No Latin American celebration should be without the HUUUUUUGGGGGGGE presence of the Donald Trump Piñata. Maybe you have some candy you want to stuff up it's ass, or maybe, you and your Latino friends just need something to beat with a stick repeatedly. Go get yourself a Donald Trump Piñata.
Kanhaiya Kumar's speech is currently gaining attention across the world as mostly Indian expatriates working and living in all parts of the world witness the birth of a new voice for truth and justice in India. Kumar's speech is the most direct challenge for India's government, challenging it to uphold it own constitution and protect freedom of expression and democracy in the country.
His release from prison, the cause of the event celebrated in the video, came following protests begun last month against the government for imprisoning Kumar under sedition charges.
Kumar, who last year was elected president of the Student Union at JNU (Jawaharlal Nehru University) is also a member of theIndian Communist Party whose values for "socialism, secularism, and equality" are intoned in the speech.
"Azadi in India," freedom in India is what he wants. "Freedom from hunger, poverty, the caste system." - LISTEN.
Yes.., but not before March 15.
When Floridians head to the polls on March 15, the Democratic base is expected to continue the gradual confirmation of Hillary Clinton as the Democratic nominee for the Presidency of the United States of America. The rightful nominee, based on issue preference should be Bernie Sanders, but that will not matter on March 15 as the line of loyal party members march into the polling centers to elect Hillary Clinton.
The problem is not Bernie Sanders himself. I and many other Latino I know will vote for Bernie over Hillary. but we are not the majority of either the Latino vote or the Democratic vote. Rather, Hillary's momentum, though slowed in recent months, is carried by a long-term covenant between the Clinton and minority organizations across the United States. Bill and Hillary both, but mostly Hillary, have accumulated two decades of goodwill with community organizers and their organizations.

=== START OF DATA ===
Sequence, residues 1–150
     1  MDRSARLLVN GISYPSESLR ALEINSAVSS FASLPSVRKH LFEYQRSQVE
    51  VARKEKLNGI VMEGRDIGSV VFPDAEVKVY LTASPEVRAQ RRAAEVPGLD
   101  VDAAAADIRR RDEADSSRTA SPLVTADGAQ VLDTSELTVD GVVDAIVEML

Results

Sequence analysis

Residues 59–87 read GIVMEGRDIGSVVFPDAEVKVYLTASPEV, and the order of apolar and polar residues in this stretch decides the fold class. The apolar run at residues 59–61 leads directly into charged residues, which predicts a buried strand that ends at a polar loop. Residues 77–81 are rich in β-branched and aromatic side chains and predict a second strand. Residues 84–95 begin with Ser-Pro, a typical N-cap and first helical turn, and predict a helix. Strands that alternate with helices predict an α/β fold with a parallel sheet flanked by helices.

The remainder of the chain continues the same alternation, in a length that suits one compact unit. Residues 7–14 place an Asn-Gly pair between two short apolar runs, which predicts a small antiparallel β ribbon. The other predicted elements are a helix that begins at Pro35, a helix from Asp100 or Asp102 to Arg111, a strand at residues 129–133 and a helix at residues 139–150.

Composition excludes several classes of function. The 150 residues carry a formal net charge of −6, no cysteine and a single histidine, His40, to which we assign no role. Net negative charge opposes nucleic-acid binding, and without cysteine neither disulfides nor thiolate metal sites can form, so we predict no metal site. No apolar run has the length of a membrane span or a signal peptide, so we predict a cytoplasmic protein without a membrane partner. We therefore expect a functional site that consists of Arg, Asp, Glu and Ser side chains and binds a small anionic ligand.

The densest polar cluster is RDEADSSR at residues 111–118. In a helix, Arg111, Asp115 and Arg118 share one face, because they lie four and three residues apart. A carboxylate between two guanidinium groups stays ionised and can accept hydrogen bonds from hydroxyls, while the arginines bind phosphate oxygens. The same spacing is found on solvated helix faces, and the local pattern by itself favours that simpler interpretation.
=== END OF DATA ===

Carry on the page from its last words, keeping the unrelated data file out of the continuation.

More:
Nothing must feel so odd to a rank-and-file member of the U.S. Republican Party than to hear that the fate of Republican presidential candidates may be decided by Puerto Ricans in Puerto Rico this Sunday. Sort of.
See Puerto Rico holds 23 delegates in the 2016 Republican Primary, and 20 of those will be decided by the primary vote on Sunday March 6. According to the rules, the votes are apportioned directly by the results in the ballot-box. That is, unless any one candidate gets 50% of the vote, at which point that candidate is granted all of the 20 primary delegate votes. The remaining 3 delegates are technically "unprojected" or "unassigned" until the Republican National Convention is held (though in reality these have been promised to Marco Rubio).
These twenty-three delegates should not matter in a political race where the winner needs 1237 out of a possible 1777 delegates. But for Marco Rubio a win in Puerto Rico could be used to argue that he has the abi…